What is the best birth control for women who have uterine cancer in their family history?

IUD. The Mirena (levonorgestrel) iud releases Progesterone locally to the uterus and helps prevent endometrial hyperplasia. There are many types of uterine cancer and you will need to discuss with your doctor your risks based on the type that runs in your family.
IUD/Implant. Regardless of your age, blood pressure, family history, or reactions to other birth control, the most effective and safest methods of birth control are long-acting progestin-only methods, such as the implant or the hormonal IUD, which decrease rates of endometrial cancer and decrease bleeding. They're safe, reversible, and don't affect weight gain/mood. They're almost as good as getting sterilized.
Uterine Cancer. Oral contraceptive pills (ocps) are commonly given to reduce the risk of uterine (endometrial) cancer in at risk persons. They do so by reducing the lifetime burden of continuous estrogen on the uterus. Your gynecologist is in the best position to advise you on their use in your case or to recommend an alternative means of birth control.

Related Questions

My wife dr installed mirena (levonorgestrel) to prevent uterine cancer. We do not believe in abortion but are ok with birth control. Does mirena (levonorgestrel) cause abortions?

NO YOU CAN NOT BUT. Mirena (levonorgestrel) is used for birth control and does not cause abortion. There is less than 1% chance of pregnancy with Mirena (levonorgestrel) iud. Most of the pregnancies are tubal pregnancy and are not viable, others end in loss when the iud is removed during the process.
Probably. One mechanism of action for the Mirena (levonorgestrel) (and there are several) is the thinning of the endometrium. That makes the lining of the uterus less receptive to implantation of a fertilized egg. When a conception does occur, most of the time that fertilized egg will not implant and the pregnancy will not be established - this results in the Mirena (levonorgestrel) being an abortifacient at least part of the time.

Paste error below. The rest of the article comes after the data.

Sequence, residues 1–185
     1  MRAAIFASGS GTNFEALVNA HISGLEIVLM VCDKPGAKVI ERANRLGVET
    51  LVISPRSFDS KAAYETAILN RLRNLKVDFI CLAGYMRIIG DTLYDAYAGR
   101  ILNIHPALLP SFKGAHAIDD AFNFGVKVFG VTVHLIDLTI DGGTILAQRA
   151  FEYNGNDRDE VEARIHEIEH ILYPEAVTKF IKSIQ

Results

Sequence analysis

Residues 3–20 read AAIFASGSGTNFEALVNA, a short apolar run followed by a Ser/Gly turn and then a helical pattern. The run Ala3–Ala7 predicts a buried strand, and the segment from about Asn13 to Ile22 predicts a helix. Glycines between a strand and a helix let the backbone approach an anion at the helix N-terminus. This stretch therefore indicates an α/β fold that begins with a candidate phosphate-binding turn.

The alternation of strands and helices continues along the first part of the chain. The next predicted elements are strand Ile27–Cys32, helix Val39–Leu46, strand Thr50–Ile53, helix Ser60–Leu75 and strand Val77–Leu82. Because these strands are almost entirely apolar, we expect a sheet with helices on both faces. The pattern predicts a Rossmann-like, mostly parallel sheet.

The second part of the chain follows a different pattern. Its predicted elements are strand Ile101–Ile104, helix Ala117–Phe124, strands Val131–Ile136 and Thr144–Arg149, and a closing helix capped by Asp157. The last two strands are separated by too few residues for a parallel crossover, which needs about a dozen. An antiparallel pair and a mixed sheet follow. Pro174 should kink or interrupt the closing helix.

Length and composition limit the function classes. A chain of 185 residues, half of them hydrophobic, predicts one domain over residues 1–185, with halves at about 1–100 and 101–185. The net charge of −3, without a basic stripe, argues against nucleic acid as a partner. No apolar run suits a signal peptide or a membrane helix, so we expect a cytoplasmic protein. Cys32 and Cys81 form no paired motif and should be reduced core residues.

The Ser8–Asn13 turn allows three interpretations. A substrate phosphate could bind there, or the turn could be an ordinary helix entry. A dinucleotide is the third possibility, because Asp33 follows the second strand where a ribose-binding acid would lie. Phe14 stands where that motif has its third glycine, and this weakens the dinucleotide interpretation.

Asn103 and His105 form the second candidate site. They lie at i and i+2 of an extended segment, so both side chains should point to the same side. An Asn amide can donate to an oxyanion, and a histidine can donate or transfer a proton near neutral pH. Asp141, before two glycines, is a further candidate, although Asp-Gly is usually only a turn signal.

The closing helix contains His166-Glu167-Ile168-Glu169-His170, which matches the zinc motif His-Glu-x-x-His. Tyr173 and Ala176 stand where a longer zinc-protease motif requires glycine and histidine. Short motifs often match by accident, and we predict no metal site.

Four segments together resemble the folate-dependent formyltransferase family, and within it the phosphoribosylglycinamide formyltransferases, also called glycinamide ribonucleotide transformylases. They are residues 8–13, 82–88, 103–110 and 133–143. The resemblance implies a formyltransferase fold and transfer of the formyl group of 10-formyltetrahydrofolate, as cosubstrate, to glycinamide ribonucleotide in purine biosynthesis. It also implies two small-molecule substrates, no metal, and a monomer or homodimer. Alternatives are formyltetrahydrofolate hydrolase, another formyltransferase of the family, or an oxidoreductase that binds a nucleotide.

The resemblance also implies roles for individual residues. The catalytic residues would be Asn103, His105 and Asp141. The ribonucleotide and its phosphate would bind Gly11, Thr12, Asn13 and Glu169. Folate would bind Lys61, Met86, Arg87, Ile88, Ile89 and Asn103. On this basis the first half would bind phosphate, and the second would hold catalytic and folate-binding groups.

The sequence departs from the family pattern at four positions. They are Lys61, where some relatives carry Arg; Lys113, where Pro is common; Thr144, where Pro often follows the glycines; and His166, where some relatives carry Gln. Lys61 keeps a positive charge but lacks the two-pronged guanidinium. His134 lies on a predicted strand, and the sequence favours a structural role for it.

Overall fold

Period ended on the 20th, and I'm still "bleeding". I did not have sex, and I'm not on birth control... It's not uterine cancer is it? Maybe stress?

Stress. You are too young for cancer of the uterus stress could influence you hormone balance if persist you need to be seen by GYN and remember Pap smear in general does not clear a women from cancer of the uterus only it can check for cervical cancer.

Mammogram shows macro calcifications, & bilateral axillary sub cm nodes. Ultrasound shows normal readings. Strong family history of bc &uterine cancer.

Tested for gene? Have you been tested for the BRCA gene yet? Breast, ovarian and colon cancer are associated with that gene. Uterine cancer usually will show a thickness in the lining of the uterus (endometrium) on ultrasound or irregular bleeding. Keep seeing your MD for regular evaluations and good luck.
Calcifications. Whether or not calcifications need to be biopsied primarily depends on their size, shape, and distribution. If they are typically benign based on those criteria, biopsy is usually not indicated. "Sub centimeter" axillary lymph nodes are normal findings.

Elective hysterectomy? Family history. Sister, ovarian cancer 54, mother uterine. No kids, stopped birth control 24, I am 60.

Possibly. Since your sister had ovarian cancer you are eligible to undergo brca testing. This tests for the gene that some women carry that increases the risk of ovarian and breast cancer. If that test is positive then you would consider an elective hysterectomy. If you have relatives with colon cancer then testing for lynch syndrome can also be done. Unless one of these is positive there is no need.